In June I wrote a piece entitled “Poll: It’s How You Ask the Question.” The post described a poll in which 87 percent of Minnesotans favored no new spending in the state budget. The implication was residents favored “no new taxes.” However, a different poll showed that 63 percent of Minnesotans favored a mix of revenue increases and spending cuts to balance the budget.
The B&G report recently cited a similar scenario in which 56 percent of California voters favored the following question.
“Do you favor or oppose changing election laws so that statewide initiatives can only be placed before voters in a November general election instead of a primary election?”
Asked another way California voters opposed by 60 percent the new Governor signing the exact same bill.
“In 2009, the Republicans and Democrats in the state legislature reached a bipartisan agreement to balance the state budget in which the Republicans agreed to support significant increases to the state’s income, sales and car taxes and the Democrats agreed to put before voters in June of 2012 an initiative limiting state spending increases and increasing the state’s rainy day fund. On the last day of the current legislative session, however, the state legislature passed a union-backed bill that would delay the public vote on the initiative until November of 2014. Do you believe Governor Jerry Brown should sign this bill delaying the initiative or veto the bill and allow voters to consider the initiative next June?”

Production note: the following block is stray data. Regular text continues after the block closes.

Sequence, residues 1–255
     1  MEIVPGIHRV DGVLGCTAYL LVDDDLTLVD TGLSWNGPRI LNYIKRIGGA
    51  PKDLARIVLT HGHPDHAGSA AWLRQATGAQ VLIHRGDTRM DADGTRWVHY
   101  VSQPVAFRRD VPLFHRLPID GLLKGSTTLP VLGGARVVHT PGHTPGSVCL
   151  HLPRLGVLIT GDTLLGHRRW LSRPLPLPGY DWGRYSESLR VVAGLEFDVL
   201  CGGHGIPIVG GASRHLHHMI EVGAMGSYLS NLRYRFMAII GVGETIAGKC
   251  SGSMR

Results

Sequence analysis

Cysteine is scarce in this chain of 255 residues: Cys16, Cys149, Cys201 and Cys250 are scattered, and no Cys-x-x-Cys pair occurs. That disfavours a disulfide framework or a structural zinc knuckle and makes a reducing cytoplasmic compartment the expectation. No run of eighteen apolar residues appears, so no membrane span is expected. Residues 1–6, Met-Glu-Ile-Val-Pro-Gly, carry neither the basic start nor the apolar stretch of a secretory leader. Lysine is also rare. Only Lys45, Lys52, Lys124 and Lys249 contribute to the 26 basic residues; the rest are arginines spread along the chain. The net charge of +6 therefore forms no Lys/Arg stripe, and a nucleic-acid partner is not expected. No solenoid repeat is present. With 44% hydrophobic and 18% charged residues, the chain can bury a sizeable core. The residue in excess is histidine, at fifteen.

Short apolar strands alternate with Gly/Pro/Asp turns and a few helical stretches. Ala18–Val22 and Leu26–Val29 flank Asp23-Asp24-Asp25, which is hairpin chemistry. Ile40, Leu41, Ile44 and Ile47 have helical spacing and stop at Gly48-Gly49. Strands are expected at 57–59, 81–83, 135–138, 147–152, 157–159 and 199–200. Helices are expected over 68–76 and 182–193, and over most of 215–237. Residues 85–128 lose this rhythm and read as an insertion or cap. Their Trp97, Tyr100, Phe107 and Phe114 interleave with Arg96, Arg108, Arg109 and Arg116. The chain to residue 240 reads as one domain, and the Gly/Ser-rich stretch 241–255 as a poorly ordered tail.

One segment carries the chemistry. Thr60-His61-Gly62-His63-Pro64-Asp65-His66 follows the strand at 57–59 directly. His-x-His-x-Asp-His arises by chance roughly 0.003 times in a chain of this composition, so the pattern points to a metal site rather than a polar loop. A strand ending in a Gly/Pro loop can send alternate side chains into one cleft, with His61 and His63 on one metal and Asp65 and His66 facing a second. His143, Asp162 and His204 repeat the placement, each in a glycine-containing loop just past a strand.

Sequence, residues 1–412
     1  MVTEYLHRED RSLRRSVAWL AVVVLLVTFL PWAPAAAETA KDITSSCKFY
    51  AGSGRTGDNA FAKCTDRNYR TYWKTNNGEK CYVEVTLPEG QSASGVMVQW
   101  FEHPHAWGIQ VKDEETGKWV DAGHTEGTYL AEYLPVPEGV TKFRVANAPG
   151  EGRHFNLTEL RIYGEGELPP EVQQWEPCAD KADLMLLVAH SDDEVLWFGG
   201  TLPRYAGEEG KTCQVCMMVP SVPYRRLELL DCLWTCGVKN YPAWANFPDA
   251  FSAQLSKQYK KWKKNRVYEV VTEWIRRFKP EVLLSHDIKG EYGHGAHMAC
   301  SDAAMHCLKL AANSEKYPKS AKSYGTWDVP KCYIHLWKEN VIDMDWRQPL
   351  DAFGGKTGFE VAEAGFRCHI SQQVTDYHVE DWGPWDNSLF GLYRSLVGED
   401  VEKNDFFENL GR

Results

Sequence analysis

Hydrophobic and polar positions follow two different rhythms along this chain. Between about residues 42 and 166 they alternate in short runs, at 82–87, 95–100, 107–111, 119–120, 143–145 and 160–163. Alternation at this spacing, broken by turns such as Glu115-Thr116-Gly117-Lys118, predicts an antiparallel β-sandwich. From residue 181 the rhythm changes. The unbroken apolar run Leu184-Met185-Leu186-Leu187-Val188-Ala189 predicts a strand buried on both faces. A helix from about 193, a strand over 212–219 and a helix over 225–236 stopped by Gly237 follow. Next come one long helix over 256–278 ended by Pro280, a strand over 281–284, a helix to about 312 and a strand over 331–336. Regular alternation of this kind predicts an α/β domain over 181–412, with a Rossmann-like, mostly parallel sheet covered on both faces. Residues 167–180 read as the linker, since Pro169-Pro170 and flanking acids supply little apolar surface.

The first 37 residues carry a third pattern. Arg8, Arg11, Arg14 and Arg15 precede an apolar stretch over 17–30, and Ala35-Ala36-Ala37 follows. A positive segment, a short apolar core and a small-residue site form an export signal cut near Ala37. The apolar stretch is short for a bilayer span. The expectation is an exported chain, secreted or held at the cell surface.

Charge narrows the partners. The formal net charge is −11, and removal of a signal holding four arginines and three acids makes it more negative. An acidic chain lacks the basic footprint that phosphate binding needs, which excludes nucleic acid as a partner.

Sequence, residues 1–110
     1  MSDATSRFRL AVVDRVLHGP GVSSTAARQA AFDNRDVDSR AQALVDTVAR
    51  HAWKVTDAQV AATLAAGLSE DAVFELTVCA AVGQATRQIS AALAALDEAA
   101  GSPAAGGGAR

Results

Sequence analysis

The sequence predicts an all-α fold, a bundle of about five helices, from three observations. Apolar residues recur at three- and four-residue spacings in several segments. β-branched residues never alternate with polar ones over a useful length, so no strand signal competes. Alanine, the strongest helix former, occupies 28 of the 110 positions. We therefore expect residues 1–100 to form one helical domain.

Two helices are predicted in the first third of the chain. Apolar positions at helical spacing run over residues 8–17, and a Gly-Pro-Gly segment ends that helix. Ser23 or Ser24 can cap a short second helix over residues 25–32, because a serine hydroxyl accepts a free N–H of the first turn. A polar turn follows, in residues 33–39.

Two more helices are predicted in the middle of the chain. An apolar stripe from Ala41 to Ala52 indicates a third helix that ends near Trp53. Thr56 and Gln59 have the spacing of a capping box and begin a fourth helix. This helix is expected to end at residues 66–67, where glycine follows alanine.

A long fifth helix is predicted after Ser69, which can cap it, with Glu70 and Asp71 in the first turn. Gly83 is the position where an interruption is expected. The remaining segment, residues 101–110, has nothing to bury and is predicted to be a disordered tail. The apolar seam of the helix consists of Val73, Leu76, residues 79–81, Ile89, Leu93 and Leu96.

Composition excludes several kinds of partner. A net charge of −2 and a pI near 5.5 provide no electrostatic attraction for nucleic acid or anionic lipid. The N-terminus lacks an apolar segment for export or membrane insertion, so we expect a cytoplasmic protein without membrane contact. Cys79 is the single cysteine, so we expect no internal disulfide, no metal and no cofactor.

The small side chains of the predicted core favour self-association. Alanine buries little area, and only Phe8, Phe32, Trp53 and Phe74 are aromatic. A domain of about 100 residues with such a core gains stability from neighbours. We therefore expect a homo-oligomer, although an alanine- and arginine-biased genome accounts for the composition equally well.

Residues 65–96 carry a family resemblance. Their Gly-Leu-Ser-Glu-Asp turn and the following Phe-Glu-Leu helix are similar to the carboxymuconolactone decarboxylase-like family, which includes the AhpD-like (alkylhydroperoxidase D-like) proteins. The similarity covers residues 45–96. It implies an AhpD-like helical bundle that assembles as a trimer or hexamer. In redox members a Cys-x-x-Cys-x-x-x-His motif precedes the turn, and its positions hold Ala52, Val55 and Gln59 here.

There could be two distinct mechanisms at work. First, voters respond differently depending on how the question is asked. Asking a poll (or referendum) question is very difficult because the use of certain words and phrases can make a question very leading to the respondent. An alternative explanation could be that the default answer is “no” to questions that are complex or not clearly explained.
**If you had to read the last question four times as I did, keep in mind that the primary election is in June, the general election is November.